Get this Headlamp to Stay Safe

Follow the yellow-blazed spur trail into the woods.

It’s a little steep, and there is a small rock channel to pass through, but the lean-to is obvious and easy to find…

Wooden lean-to in deep snow
John Robb Lean-To

An open ledge just past the lean-to offers a stunning view of Southwest Hunter, West Kill, North Dome, Mount Sherrill, Sleeping Lion, and the hamlet of Spruceton down in Spruceton Valley.

Winter valley view
Spruceton Valley

West Kill’s summit in the distance…

snowy mountain summit seen from a distance
West Kill Mountain

This video takes in both the lean-to and the epic view from the ledge…

Final Climb Along Hunter Mountain’s Upper Ridge

Return to the main trail, turn right and begin the final ascent to Hunter Mountain’s summit.

You’ll pass the 3500 FOOT ELEVATION sign almost right away.

Next you’ll pass the second junction, from where you can take a 1.1 mile trail down to the view at the summit Colonel’s Chair. (I didn’t do that on this hike. Next time.)

From the second junction, the final mile to Hunter Mountain’s summit is easy going; all the hard work is behind you. The trail is dominated on either side by spruce and fir trees, with a few patches of birch mixed in.

snowy hiking trail
Hunter Mountain ridge trail

Hunter Mountain Fire Tower

You’ll reach the third junction in no time. Leave your horse, if you brought one, at the sign post.

Turn left to view the fire tower.

fire tower and cabin in snow
Hunter Mountain Fire Tower & Cabin

On this day, the snowpack on Hunter’s summit was 0.7 picnic tables high…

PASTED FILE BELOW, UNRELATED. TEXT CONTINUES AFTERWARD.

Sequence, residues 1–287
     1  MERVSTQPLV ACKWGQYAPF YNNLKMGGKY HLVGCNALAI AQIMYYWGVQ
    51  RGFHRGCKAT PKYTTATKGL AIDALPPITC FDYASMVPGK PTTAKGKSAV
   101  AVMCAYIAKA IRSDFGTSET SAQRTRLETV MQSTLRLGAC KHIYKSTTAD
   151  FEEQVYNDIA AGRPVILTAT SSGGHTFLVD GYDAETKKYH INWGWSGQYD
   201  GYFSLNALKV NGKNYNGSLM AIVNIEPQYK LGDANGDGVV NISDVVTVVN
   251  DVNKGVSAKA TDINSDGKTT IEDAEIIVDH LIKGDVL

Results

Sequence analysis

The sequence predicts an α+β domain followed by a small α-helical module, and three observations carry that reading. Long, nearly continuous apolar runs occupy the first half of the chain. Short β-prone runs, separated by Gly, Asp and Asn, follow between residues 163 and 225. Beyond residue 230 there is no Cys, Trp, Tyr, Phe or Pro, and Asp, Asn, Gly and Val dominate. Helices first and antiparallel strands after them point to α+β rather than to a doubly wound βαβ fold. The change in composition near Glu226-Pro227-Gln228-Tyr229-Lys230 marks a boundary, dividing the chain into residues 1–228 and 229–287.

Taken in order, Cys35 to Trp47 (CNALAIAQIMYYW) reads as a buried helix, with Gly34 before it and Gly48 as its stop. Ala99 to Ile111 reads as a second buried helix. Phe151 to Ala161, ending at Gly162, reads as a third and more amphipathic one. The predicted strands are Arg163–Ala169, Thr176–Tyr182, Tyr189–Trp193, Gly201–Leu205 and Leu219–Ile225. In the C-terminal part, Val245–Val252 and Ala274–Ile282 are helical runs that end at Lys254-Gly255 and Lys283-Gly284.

wooden cabin in deep snow
Observer’s cabin

Fire Tower Views

This tower is always so great to climb. I love its views of Plateau, Kaaterskill High Peak, the Blackhead range, Windham High Peak, Rusk and East Rusk. But the Burroughs Range is also visible, as are Doubletop, Graham, Balsam, Big Indian, Fir and Eagle mountains. Even Panther’s long northern ridge gets a look-in.

Round Top, Kaaterskill High Peak and massive Plateau…

Mountain peaks in distance
Kaaterskill High Peak and Plateau mountains

Thomas Cole, Black Dome and Blackhead

Mountain range seen in distance
The Blackhead Range seen from Hunter Mountain’s Fire Tower

Windham High Peak

mountain peaks in distance
Windham High Peak seen over the Jewett Range

This video shows just 90° of the view from the fire tower…

In the warmer months, this is an amazing spot to watch the sun come up (and the climb can be completed in under two hours).

Below the fire tower, the cabin looks small and sweet, with Rusk and East Rusk in the background.

cabin and picnic tables in deep snow, mountains in distance
Hunter Mountain cabin and picnic tables

From here, make your way back down to the third junction, and turn right to head back down to Spruceton.

Similar Hikes

Alternatively, at the junction you can turn left and head down via the full Hunter Mountain Loop which takes in some beautiful terrain and views, as well as Southwest Hunter.

The hike from Diamond Notch up West Kill is similarly lovely and offers the amazing view from Buck Ridge Lookout.

The parent mountain for this hike is Hunter.

If you do this hike, let me know how it went in the comments below. Your feedback makes this site better.

Trailhead Info for this Hike

Medium-sized lot, very popular location. Fills up early on busy days.

Google Maps Location: 42.184894, -74.271164

The map below shows the exact topographic location of the trailhead

Cell Service

No service at the trailhead. Once you start to climb above the surrounding ridges, service starts to come online. Strong signal at the summit. My network is Verizon. YMMV.

Your comments are welcome here…

Don’t Miss Out!

• Latest Hike Reports
• Weather Tips
• Seasonal Advice
• Trail Mix
• Backcountry Rescues

The best hiking newsletter on the planet